You don’t have to remember the 1943 mid-WWII Oscar winning “The Human Comedy” to realize that Meg Ryan’s version, “Ithaca,” is missing something.
Sentimental and slow, this “Life on the Homefront” melodrama lacks the pathos and punch of its predecessor. And without those, a cast of name actors who did director Ryan a favor (Tom Hanks, Sam Shepard, Hamish Linklater) and the generous sprinkling of William Saroyan aphorisms and period-perfect setting lacks purpose or a reason for being made.
Homer Macaulay (Alex Neustaedter) is a 14 year-old ready to start his work life as a telegraph office delivery boy in 1942. His older brother Marcus (Jack Quaid, son of Dennis and Meg) is in the Army and about to ship out.
He’s got a much younger brother, Odysseus, and an older sister, Bess. Mom (Ryan) is carrying on and carrying grief in her every gesture. Her husband, Homer’s dad (Hanks) has recently passed. She still sees him in her more trying moments.
Homer works for the kindly office manager (Hamish Linklater) and an elderly lush of a telegraph operator (Sam Shepard). As he races to beat Western Union on every delivery, Homer sees the sadness and wrenching change of war, up close. He delivers “The Secretary of War regrets to inform you” notices to the families of the missing or killed.
But his brother writes him thoughtful, philosophical and fatherly letters about “this wonderful, senseless yet beautiful world.” The boss, Tom (Linklater) offers “The best part of a good man stays,” as an explanation of untimely unjust death.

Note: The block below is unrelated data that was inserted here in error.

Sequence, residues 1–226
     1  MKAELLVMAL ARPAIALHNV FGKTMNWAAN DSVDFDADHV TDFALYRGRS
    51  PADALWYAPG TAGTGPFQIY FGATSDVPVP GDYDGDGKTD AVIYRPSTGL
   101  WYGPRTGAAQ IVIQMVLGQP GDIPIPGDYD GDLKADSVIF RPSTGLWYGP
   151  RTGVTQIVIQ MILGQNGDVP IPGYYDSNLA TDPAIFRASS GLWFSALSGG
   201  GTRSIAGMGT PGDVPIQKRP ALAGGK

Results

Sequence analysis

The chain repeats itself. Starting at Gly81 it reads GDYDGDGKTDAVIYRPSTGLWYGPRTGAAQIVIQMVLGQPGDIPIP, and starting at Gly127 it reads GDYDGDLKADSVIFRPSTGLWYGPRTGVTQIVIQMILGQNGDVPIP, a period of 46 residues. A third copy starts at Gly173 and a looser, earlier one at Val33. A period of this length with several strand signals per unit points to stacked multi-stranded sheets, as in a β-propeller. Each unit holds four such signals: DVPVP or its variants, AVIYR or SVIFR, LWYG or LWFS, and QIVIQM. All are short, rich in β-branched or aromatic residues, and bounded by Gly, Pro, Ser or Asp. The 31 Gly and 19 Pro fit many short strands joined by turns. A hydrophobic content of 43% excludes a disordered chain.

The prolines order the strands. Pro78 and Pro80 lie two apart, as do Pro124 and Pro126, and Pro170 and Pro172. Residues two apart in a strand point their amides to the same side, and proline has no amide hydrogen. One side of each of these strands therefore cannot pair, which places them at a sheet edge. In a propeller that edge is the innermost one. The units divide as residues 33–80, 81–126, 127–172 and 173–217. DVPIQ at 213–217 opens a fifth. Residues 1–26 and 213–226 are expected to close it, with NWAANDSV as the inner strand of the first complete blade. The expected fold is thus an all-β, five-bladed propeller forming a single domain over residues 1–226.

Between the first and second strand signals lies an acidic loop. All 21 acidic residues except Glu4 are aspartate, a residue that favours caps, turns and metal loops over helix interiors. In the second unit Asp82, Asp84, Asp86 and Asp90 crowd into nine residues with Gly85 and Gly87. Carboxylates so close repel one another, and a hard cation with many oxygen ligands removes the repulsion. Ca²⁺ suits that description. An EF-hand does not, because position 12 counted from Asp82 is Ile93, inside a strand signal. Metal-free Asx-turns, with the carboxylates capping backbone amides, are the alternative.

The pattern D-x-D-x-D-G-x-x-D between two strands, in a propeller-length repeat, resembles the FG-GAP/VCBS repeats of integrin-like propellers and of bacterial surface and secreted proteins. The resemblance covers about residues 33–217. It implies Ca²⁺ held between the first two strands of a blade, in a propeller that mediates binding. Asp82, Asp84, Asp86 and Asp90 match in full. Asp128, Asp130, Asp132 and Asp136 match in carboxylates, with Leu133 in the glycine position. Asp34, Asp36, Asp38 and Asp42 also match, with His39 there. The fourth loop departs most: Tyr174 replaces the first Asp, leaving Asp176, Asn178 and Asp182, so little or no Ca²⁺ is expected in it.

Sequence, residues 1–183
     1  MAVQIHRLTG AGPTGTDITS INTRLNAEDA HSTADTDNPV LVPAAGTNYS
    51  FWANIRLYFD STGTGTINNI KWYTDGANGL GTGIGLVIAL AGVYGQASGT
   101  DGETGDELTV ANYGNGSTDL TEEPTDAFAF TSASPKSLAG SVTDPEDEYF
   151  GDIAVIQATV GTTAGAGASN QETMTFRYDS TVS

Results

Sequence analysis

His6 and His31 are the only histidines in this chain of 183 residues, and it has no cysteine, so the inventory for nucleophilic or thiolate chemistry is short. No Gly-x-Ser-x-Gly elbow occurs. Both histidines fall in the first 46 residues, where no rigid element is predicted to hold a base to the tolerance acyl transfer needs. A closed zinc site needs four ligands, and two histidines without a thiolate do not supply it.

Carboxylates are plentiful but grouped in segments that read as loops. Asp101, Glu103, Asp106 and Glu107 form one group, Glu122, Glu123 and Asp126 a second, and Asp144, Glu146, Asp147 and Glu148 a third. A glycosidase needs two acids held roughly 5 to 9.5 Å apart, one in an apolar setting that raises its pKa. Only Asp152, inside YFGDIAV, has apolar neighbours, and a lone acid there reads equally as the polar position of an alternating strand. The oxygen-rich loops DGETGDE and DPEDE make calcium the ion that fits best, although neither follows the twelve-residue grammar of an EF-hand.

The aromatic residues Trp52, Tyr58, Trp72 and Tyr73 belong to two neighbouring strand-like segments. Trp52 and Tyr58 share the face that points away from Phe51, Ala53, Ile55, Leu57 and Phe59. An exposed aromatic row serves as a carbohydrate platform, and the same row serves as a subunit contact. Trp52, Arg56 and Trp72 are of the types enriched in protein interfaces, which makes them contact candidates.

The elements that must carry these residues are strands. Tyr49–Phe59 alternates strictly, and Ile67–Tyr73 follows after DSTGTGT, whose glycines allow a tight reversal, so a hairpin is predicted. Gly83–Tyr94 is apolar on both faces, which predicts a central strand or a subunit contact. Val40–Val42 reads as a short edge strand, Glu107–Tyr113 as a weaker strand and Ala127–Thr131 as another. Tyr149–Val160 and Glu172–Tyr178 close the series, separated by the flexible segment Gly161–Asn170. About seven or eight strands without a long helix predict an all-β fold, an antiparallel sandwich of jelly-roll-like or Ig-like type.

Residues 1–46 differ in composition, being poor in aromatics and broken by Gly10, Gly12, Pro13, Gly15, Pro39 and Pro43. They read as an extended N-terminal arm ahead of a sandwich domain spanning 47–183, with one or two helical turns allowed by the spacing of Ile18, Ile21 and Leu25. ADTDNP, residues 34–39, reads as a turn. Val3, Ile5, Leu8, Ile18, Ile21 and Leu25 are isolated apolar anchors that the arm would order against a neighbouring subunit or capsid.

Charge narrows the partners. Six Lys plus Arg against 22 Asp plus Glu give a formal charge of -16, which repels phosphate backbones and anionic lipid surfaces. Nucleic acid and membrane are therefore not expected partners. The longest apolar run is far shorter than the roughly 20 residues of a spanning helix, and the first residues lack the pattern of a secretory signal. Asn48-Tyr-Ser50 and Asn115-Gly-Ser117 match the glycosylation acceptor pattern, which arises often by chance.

And Mom has a few thoughts of her own, that “There will always be pain in this world…A good man will seek to take the pain out of things.”
Young Neustaedter (TV’s “The Colony”) is properly sensitive, but dull in a part that seems dulled down by the intervening decades. Mickey Rooney played the kid in 1943, and gave him more of that antic spark of life that the world has to beat out of him.
Ryan so underplays the ongoing grief that her character never once rises to “touching,” something she’s been famous for achieving all through her career.
In the rest of the cast, only Shepard stands out, a sauced sage who dodges the “death” question from the kid with a weary wit.
“That’s a very young question, and I’m an old man.”
Frequent collaborators Ryan and Hanks have just a couple of scenes together, only one with dialogue.
Richmond, Va. and environs ably substitutes for WWII inland California, and Ryan inventively gets around the movie’s military requirements by having letter-writing scenes set on board a train, or in a bunk. Battles are fought in the dark.
But even if this wasn’t a period piece, it would feel exhausted, dull and dated. The world has grown up a lot since WWII, grown more cynical. A wise barkeep (Scott Shepherd) can deliver his world-weary appraisal of the human race — “The fightin’s inside us. It’s what we are…till we ain’t.”
There’s just no way to make that sentiment, novel for its time, new to anyone hearing it today.
MPAA Rating: PG for thematic elements, a war image, and smoking
Cast: Alex Neustaedter, Hamish Linklater, Sam Shepard, Jack Quaid, Meg Ryan, Tom Hanks
Credits: Directed by Meg Ryan, script by Erik Jendresen, based on the novel “The Human Comedy” by William Saroyan. A Momentum/eOne release.
Running time: 1:33